Optical Coherence Tomography for biomedical imaging

Close up of an eye

The Applied Optics Group (AOG) has been at the forefront of fundamental research into Optical Coherence Tomography (OCT) for eye-imaging since 1996.

Optical Coherence Tomography for Biomedical Imaging

The University of Kent’s Applied Optics Group (AOG) is led by by Professor Adrian Podoleanu, who has over 27 years of experience in advancing Optical Coherence Tomography (OCT) technology for biomedical imaging. This highly accurate imaging technology is important for the diagnostic and treatment of various medical conditions ranging from glaucoma to skin cancer, benefitting millions of people across the world.

Researchers in the University of Kent’s AOG were the first to show en-face OCT images from the retina, now known as C-scans.

Building on this, they developed the world’s first combined Scanning Laser Ophthalmoscopes (SLO) and OCT instruments(OCT/SLO) for the diagnosis of eye diseases. The two-dozen patents protecting the original technology are still being maintained by key stakeholders that have successfully commercially exploited the technology.

Pairs of confocal (left)/ultrahigh resolution C-scan images (right) of the macular region of the human retina in vivo: (a) the inner limiting membrane (ILM) and the vitreous (V) are visible; (b) the tilt in the C-scan sectionning plane with respect to the macula reveals retinal layers from a B-scan perspective: NFL nerve fiber layer, GCL ganglion cell layer, IPL inner plexiform layer, INL inner nuclear layer, OPL outer plexiform layer, ELM external limiting membrane, IS/OS junction between the inner and outer photoreceptors, RPE retinal pigment epithelium, CC choriocapillaris, C choroid. R. Cucu et al, •https://doi.org/10.1364/OL.31.001684

In collaborations with various academic and industrial partners, the Applied Optics Group continuously sought to further advance en-face technology ever since. Particularly noteworthy in this context is the collaboration between the University of Kent’s AOG, Richard Rosen at the New York Eye and Ear Infirmary (NYEEI) and Rishard Weitz at the Ophthalmic Inc Canada (OTI). The collaboration led to clinical advances of OCT/SLO and incorporation of other optical modalities, such as OCT/SLO with indocyanine green angiography (ICG), longer wavelength OCT/SLO, and ultra-high-resolution OCT/SLO.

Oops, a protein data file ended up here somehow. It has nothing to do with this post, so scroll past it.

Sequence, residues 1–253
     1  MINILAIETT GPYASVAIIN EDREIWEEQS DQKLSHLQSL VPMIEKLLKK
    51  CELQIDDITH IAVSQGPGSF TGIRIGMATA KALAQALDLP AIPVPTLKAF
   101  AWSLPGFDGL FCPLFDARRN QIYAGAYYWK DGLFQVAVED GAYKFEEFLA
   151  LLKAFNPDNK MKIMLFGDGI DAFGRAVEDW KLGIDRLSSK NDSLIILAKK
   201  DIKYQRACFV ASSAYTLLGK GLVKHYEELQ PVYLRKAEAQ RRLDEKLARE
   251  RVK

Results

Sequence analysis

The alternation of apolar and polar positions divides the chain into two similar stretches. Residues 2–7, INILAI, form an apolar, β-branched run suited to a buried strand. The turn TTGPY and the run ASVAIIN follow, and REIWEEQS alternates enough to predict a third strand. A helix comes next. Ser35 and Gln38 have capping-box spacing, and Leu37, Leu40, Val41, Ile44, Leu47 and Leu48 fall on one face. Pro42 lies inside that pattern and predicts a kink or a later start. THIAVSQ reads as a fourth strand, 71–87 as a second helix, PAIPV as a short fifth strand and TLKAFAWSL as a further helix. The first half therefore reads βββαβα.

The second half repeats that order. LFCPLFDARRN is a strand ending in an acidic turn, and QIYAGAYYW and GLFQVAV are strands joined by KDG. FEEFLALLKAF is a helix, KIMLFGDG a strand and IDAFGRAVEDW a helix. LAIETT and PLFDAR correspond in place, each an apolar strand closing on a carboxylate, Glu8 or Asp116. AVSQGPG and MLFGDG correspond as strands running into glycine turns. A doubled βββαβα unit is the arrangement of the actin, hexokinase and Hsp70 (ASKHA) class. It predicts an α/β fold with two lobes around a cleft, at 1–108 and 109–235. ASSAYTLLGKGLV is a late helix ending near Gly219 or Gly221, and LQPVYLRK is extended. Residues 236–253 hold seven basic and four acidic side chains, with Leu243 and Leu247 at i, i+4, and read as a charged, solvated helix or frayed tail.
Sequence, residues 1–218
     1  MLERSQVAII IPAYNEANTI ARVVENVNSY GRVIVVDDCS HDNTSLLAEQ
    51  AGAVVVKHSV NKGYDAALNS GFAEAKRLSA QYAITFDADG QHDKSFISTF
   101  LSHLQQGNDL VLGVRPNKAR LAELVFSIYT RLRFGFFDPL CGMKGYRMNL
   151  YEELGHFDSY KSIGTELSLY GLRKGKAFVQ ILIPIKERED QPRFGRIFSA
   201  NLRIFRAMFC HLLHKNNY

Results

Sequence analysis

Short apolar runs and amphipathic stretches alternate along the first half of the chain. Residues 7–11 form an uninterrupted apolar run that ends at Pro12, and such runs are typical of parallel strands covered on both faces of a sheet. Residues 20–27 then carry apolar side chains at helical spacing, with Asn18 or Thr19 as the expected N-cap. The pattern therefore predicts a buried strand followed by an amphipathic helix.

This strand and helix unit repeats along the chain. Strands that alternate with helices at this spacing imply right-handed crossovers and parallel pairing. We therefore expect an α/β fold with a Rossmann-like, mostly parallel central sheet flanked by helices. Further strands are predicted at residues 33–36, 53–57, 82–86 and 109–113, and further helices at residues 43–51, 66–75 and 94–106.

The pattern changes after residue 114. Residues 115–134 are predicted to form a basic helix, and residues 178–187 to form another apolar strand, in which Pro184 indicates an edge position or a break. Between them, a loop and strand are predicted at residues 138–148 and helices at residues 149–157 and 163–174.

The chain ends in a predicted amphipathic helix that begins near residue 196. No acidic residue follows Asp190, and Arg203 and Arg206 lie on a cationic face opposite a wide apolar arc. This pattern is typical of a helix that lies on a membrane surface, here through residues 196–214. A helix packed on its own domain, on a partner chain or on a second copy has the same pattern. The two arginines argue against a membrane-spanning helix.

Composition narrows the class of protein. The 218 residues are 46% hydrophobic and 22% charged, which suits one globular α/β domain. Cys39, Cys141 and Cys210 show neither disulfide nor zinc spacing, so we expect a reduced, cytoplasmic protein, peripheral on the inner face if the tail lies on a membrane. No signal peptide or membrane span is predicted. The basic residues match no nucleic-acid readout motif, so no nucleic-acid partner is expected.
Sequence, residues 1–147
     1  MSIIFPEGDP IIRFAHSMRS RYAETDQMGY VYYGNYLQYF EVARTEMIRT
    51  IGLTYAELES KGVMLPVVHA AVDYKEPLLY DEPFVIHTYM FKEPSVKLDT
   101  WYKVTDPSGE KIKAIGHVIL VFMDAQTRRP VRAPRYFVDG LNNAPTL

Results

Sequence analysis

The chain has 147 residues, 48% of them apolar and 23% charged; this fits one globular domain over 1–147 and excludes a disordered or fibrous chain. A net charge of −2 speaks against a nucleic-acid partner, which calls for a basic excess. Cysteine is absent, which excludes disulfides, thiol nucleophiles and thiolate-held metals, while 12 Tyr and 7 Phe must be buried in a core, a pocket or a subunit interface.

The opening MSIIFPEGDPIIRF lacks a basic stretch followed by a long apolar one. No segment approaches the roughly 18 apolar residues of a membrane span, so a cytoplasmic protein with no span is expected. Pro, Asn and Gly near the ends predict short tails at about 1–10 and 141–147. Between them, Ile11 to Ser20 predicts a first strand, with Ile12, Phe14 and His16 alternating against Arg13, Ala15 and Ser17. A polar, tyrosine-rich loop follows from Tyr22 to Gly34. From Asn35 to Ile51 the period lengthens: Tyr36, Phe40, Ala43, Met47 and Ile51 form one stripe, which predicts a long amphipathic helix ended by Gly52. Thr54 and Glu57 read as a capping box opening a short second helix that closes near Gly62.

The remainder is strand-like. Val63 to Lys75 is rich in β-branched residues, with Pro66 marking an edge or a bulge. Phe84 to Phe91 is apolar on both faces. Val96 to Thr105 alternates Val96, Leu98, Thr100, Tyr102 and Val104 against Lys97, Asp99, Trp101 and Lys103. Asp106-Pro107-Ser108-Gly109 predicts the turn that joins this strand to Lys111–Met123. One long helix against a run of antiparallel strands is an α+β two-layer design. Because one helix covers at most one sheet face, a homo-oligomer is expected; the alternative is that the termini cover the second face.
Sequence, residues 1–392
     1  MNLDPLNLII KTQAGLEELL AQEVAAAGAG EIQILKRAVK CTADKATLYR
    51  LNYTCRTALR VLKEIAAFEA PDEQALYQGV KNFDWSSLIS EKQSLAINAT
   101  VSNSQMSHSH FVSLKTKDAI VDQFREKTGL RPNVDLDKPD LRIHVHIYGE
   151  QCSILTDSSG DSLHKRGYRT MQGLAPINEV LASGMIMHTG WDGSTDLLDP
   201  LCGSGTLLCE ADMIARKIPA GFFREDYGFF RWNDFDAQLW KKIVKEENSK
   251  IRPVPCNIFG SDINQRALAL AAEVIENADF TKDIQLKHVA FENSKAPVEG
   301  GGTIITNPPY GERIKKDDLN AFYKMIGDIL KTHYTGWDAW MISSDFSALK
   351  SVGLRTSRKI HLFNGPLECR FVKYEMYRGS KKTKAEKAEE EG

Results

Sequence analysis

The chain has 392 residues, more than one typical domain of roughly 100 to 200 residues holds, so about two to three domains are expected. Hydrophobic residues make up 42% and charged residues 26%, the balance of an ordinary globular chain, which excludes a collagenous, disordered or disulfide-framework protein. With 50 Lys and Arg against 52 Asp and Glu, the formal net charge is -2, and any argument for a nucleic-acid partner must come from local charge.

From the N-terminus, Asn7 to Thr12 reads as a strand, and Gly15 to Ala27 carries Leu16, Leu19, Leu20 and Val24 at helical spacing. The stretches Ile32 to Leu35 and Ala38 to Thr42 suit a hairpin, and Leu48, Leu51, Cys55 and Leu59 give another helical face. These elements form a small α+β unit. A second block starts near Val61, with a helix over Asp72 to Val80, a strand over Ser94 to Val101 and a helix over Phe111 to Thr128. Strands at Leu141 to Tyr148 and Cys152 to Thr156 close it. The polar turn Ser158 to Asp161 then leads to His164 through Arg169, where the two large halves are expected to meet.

ICG/OCT/SLO sets of a patient with polypoidal choroidal neovascularization: Mid arterial-venous phase demonstrates leash of abnormal vessels with hyper-fluorescent bulbous ending. OCT image outlines the overlying serous elevation surrounding the vessels [R. Rosen, https://doi.org/10.1167/iovs.08-1855].

In collaboration with Optovue, Richard Rosen went on to develop and implement en-face views of vasculature of the retina, a technology now known as OCT angiography (OCTA). OCTA offers additional benefits to OCT as a non-invasive imaging technique that enables visualisation of vascular networks in the human retina, choroid, skin, etc. OCTA has been deemed a “landmark discovery” that “revolutionized the clinician’s access to non-invasive 3-dimensional vascular beds as a quantitative tool for management of diabetic retinopathy, age-related macular degeneration, and glaucoma”. OCTA also provided an impetus for new commercial developments, in particular the development of OCTA instrumentation.

AOG’s collaboration with DTU and Bispbjerg Hospital (Denmark), in turn, enabled the clinical application of combined OCT and laser technology, which has improved skin cancer diagnostics for thousands at Bispebjerg Hospital. OCT-laser technology is now being commercially exploited by companies, such as NKT.

The AOG has an ongoing programme for visual assessment with the Biomedical Research Centre at the UCL Institute of Ophthalmology – Moorfield Eye Hospital. In addition to being a research collaborator, the BRC has been involved as an associate partner in training PhD students on two Marie Curie Innovative Training Networks lead by Kent.  One of these explores using tunable lasers for OCT (ongoing) and the other focuses on using OCT for broadband lasers commercialised by NKT.

OCT is mainly applied in ophthalmology but the AOG also has a programme on OCT for embryology in collaboration with Professor Darren Griffin (who developed a non-invasive imaging technology for embryo screening called Karyomapping with colleagues). Research ensuing from this programme has shown that time-lapse videos and Optical Coherence Tomography (OCT) can be used to measure developing embryo internal structure, . Being joined by Dr Alejandro Chavez-Badio this collaboration is now aiming to develop novel artificial intelligence (AI) strategies to improve assisted reproduction outcomes.

Further to this the AOG is evaluating the utility of OCT for forensic science and  document inspection in collaboration with Foster and Freeman.